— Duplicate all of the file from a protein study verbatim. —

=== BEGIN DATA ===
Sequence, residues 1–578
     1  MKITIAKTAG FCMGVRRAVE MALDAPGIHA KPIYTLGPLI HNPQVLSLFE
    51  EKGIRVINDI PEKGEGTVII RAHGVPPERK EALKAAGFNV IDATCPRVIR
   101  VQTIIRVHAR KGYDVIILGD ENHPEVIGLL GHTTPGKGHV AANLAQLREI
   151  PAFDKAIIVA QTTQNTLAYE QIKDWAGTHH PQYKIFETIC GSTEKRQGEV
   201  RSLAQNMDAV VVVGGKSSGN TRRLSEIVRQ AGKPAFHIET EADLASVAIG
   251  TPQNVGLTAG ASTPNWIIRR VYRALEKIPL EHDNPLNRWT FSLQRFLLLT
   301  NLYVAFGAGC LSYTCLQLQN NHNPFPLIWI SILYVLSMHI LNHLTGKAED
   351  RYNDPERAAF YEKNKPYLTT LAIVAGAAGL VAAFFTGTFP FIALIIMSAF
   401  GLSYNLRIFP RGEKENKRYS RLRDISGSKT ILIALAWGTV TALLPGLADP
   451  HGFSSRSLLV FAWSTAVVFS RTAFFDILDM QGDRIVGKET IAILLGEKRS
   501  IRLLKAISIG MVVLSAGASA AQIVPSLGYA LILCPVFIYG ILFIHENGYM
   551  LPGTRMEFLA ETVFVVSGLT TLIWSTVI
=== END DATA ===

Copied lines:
Sequence, residues 1–578
     1  MKITIAKTAG FCMGVRRAVE MALDAPGIHA KPIYTLGPLI HNPQVLSLFE
    51  EKGIRVINDI PEKGEGTVII RAHGVPPERK EALKAAGFNV IDATCPRVIR
   101  VQTIIRVHAR KGYDVIILGD ENHPEVIGLL GHTTPGKGHV AANLAQLREI
   151  PAFDKAIIVA QTTQNTLAYE QIKDWAGTHH PQYKIFETIC GSTEKRQGEV
   201  RSLAQNMDAV VVVGGKSSGN TRRLSEIVRQ AGKPAFHIET EADLASVAIG
   251  TPQNVGLTAG ASTPNWIIRR VYRALEKIPL EHDNPLNRWT FSLQRFLLLT
   301  NLYVAFGAGC LSYTCLQLQN NHNPFPLIWI SILYVLSMHI LNHLTGKAED
   351  RYNDPERAAF YEKNKPYLTT LAIVAGAAGL VAAFFTGTFP FIALIIMSAF
   401  GLSYNLRIFP RGEKENKRYS RLRDISGSKT ILIALAWGTV TALLPGLADP
   451  HGFSSRSLLV FAWSTAVVFS RTAFFDILDM QGDRIVGKET IAILLGEKRS
   501  IRLLKAISIG MVVLSAGASA AQIVPSLGYA LILCPVFIYG ILFIHENGYM
   551  LPGTRMEFLA ETVFVVSGLT TLIWSTVI